Relevant for Research Area

C - Applications





Dr. Andreas Weltin

Dr. Jochen Kieninger


The project aims to identify and discriminate the mechanisms causing electrode degradationduring electrical neural stimulation, even when operated within "safe limits." By combining in situmonitoring of the electrode's potential on the electrochemical scale during current-controlledstimulation with a phenomenological description of the effects on a submicron level, theelectrochemical reactions during different stages of degradation will be assessed. The approachbenefits from the IMBIT's Soft-FIB and a newly developed high-speed electrometer amplifier,allowing electrochemical potential monitoring parallel to current-controlled stimulation.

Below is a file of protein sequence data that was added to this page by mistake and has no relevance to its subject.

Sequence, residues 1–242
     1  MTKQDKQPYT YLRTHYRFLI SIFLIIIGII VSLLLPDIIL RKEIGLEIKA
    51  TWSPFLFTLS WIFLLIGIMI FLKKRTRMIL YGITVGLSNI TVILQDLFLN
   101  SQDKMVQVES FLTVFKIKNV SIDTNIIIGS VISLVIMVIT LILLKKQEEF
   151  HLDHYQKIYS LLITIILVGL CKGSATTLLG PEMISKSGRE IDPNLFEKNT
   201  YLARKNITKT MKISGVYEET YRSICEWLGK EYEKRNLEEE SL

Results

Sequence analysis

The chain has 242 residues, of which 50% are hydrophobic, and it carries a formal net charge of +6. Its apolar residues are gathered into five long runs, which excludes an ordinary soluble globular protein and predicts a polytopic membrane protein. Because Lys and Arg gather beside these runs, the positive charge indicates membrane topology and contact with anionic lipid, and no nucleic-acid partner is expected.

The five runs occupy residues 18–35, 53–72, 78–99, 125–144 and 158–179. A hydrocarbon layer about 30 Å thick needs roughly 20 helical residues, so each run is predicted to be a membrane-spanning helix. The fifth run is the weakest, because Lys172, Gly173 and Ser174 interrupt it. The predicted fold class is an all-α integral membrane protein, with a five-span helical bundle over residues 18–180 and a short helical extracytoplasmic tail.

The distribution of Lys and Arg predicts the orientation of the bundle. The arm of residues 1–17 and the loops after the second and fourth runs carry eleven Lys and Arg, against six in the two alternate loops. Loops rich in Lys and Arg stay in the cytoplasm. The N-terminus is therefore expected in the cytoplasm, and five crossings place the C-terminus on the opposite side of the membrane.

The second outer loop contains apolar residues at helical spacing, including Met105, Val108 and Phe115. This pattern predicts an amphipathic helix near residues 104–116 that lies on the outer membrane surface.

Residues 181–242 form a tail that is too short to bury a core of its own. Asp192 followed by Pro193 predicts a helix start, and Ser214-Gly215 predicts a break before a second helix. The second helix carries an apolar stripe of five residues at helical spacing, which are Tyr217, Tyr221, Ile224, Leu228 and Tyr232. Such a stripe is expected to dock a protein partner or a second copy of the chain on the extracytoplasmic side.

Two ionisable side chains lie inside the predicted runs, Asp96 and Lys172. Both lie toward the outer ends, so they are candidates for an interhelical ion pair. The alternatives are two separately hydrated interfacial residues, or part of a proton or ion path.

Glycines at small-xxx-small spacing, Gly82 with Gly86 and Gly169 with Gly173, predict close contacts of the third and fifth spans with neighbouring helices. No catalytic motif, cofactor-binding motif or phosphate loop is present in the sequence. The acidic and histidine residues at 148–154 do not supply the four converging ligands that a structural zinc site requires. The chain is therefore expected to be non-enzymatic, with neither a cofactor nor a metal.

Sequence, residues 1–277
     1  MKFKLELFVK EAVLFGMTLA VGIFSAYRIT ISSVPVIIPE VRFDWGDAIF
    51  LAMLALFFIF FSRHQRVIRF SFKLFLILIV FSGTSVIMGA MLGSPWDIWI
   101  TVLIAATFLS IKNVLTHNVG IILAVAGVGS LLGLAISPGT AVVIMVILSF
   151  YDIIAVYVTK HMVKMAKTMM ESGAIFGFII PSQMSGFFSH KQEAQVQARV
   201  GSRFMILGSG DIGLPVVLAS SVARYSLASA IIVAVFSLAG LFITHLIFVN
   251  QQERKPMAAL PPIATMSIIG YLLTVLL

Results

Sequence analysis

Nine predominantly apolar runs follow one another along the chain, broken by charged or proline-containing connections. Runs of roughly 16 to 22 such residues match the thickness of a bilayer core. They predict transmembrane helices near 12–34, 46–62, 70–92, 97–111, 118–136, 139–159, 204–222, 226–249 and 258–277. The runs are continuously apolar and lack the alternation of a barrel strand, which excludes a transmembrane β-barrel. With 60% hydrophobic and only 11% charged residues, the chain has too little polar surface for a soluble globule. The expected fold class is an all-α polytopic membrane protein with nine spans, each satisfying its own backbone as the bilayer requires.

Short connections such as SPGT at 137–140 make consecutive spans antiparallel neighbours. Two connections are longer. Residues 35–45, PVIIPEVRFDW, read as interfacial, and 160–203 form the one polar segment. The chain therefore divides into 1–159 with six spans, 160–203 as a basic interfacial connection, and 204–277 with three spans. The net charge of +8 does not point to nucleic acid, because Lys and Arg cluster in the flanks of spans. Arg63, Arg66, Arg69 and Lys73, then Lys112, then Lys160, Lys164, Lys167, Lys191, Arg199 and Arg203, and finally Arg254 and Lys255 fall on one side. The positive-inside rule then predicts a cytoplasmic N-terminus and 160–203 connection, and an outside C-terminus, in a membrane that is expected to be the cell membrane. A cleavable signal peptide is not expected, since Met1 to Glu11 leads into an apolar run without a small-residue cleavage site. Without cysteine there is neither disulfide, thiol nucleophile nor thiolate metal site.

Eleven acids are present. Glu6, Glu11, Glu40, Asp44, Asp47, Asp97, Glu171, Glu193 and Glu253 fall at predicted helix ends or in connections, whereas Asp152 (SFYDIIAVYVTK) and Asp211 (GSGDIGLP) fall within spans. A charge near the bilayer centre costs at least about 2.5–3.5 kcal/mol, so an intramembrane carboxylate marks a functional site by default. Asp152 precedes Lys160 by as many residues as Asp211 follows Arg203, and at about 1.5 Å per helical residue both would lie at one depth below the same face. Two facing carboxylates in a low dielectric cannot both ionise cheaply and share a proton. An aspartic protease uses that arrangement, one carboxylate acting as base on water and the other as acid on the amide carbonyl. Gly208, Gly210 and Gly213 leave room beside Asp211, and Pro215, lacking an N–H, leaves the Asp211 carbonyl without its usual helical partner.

Previous Related Publication

Merrill, D. R.; Bikson, M.; Jefferys, J. G. R. Electrical Stimulation of Excitable Tissue: Designof Efficacious and Safe Protocols. J Neurosci Meth 2005, 141 (2), 171-198.

Cogan, S. F.; Ludwig, K. A.; Welle, C. G.; Takmakov, P. Tissue Damage Thresholds duringTherapeutic Electrical Stimulation. J Neural Eng 2016, 13 (2), 021001.

Durisin, M.; Krause, C.; Arnoldner, C.; Kontorinis, G.; Buechner, A.; Lenarz, T.; Lesinki-Schiedat, A.; Profant, O.; Neuburger, J. Electron Microscopy Changes of Cochlear ImplantElectrodes with Permanently High Impedances. Cochlear Implant Int 2013, 12 (4), 228-233.

Doering, M.; Kieninger, J.; Urban, G. A.; Weltin, A. Electrochemical MicroelectrodeDegradation Monitoring: In Situ Investigation of Platinum Corrosion at Neutral pH. J Neural Eng2022, 19 (1), 016005.